The Masque of the Red Death Questions and Answers
by Edgar Allan Poe

The Masque of the Red Death book cover
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What do the clothes symbolize in "The Masque of the Red Death"?

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In Edgar Allan's Poe's "The Masque of the Red Death," Poe isolates his characters away from the larger society, in the castle of Prince Prospero. This allows Poe to focus his attentions on the inner life of the castle itself, and he gives us a window into Prospero's mind via the ways that the prince decorates his castle and the revelers within it.

Poe writes of Prospero:

[I]t was his own guiding taste which had given character to the masqueraders. Be sure they were grotesque. There were much glare and glitter and piquancy and phantasm—much of what has been seen in "Hernani." There were arabesque figures with unsuited limbs and appointments. There were delirious fancies such as the madman fashions. There were much of the beautiful, much of the wanton, much of the bizarre, something of the terrible, and not a little of that which might have excited disgust. To and fro in the seven chambers stalked, in fact, a multitude of dreams. And these the dreams—writhed in and about, taking hue from the rooms, and causing the wild music of the orchestra to seem as the echo of their steps.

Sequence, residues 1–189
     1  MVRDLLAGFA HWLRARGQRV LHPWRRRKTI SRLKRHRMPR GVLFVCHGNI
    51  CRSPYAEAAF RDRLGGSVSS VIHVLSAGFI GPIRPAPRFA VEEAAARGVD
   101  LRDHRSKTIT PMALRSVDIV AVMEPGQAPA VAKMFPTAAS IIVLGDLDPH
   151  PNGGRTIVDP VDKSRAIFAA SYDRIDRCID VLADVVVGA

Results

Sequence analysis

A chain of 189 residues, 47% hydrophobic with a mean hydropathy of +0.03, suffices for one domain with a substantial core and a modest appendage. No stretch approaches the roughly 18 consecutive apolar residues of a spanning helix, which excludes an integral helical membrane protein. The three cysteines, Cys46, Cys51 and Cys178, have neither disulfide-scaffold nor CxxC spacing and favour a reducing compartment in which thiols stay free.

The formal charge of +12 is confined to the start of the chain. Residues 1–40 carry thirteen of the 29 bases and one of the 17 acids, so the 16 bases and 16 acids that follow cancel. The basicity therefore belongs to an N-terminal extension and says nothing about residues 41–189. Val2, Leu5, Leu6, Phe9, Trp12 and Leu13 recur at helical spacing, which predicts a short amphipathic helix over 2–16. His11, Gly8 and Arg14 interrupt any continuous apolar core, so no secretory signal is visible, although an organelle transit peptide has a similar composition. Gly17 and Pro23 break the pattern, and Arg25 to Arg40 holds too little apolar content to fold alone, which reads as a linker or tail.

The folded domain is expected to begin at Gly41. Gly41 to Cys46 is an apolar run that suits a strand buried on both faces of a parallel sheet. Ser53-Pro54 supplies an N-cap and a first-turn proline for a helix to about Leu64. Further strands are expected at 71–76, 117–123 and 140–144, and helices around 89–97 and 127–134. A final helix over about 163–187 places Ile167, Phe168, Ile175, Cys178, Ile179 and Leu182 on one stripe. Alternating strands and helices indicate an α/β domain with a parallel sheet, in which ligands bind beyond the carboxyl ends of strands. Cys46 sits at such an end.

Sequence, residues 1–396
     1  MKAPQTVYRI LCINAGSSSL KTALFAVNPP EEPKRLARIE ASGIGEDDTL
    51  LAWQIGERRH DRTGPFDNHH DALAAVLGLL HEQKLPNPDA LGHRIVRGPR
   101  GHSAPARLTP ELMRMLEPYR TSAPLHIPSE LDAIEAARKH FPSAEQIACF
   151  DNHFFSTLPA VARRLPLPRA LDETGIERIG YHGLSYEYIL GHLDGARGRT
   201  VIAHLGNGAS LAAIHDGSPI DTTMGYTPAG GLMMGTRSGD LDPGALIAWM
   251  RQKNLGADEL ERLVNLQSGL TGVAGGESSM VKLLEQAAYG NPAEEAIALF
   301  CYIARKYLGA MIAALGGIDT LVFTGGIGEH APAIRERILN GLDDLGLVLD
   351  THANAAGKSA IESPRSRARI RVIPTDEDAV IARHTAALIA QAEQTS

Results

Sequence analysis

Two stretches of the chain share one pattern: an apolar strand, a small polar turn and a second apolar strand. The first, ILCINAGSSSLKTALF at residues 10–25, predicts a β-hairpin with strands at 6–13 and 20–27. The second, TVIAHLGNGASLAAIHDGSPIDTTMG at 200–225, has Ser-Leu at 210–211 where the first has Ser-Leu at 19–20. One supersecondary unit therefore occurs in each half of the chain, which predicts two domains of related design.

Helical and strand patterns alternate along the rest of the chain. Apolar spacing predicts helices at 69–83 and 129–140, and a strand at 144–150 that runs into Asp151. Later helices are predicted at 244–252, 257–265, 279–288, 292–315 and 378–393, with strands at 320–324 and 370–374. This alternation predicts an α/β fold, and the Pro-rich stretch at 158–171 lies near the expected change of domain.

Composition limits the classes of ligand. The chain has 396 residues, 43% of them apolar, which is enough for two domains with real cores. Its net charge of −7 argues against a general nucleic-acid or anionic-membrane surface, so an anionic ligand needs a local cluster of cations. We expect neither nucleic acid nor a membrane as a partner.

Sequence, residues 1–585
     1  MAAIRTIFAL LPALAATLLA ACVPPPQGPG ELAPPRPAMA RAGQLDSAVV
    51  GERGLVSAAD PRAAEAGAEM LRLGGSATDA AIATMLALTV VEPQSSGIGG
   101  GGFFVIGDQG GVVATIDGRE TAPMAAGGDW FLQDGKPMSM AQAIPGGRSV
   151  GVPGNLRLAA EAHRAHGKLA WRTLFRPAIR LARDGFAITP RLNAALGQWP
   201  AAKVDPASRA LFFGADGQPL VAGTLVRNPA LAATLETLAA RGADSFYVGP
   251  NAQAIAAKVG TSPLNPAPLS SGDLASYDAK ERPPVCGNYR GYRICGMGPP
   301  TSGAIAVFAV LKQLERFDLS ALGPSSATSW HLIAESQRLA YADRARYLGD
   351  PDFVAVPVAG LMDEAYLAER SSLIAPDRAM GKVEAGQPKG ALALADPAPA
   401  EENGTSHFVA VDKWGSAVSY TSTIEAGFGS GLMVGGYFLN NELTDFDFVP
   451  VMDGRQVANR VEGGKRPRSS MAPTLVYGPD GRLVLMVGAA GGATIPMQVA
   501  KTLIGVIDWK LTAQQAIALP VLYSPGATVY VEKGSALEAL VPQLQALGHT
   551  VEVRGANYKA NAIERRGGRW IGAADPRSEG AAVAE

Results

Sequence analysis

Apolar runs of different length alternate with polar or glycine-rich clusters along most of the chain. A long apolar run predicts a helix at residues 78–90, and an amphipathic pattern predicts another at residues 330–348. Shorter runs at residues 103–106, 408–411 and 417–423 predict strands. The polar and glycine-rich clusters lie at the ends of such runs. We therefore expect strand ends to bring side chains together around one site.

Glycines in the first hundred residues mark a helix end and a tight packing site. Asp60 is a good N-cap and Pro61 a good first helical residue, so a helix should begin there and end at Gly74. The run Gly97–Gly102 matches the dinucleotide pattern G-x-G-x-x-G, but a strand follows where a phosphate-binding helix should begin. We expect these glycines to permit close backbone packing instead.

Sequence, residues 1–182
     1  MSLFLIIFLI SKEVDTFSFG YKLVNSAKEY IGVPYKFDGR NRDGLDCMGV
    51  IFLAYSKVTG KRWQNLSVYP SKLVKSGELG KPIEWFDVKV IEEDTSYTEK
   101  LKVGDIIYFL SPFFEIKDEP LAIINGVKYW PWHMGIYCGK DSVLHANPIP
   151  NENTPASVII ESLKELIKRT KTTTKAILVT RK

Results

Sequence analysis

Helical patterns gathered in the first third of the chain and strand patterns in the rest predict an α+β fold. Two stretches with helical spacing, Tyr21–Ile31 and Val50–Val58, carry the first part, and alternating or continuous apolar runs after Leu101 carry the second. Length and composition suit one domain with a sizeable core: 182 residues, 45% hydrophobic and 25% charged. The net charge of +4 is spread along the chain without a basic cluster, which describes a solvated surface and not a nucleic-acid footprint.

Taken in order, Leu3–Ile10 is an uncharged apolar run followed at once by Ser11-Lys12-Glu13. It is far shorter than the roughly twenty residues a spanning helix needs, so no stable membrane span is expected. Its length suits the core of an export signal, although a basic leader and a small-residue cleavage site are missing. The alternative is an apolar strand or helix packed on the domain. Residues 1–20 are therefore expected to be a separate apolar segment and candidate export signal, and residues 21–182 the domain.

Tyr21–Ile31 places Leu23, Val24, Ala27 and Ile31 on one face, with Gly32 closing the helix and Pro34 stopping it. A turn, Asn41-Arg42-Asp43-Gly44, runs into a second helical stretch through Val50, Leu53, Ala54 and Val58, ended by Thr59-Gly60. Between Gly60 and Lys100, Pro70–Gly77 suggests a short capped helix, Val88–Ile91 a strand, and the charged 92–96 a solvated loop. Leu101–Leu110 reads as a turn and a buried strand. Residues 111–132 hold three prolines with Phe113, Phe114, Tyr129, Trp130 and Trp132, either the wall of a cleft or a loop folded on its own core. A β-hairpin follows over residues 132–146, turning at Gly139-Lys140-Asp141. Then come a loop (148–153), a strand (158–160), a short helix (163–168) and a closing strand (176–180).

There are a number of images to focus on in order to understand the symbolism at work. Firstly, the fact that Prospero himself has designed both the rooms as well as the garb of the revelers symbolized Prospero's decadence and his thirst for excess. He isn't content to simply lock himself away with his troop of revelers. Instead, he wants every aspect of his masquerade to be to his exact specifications. Everything is in abundance, as is shown in the connection to Hugo's "Hernani." Prospero does not confine himself to social standards of acceptability, as "delirious fancies" are visible.

The various decorations and costumes are "grotesque," which suggests that they are twisted or skewed in a way that reflects the distorted mind of Prospero himself. Here is a man who believes himself above all others and gives himself fully to hedonistic excess. He plans to not only wait out the plague decimating the land but to be entertained while he does it—to engage in and subject others to his every desire. The costuming of the revelers, as well as the decorations of the various rooms, are symbolic of Prospero's own twisted, narcissistic fantasies.

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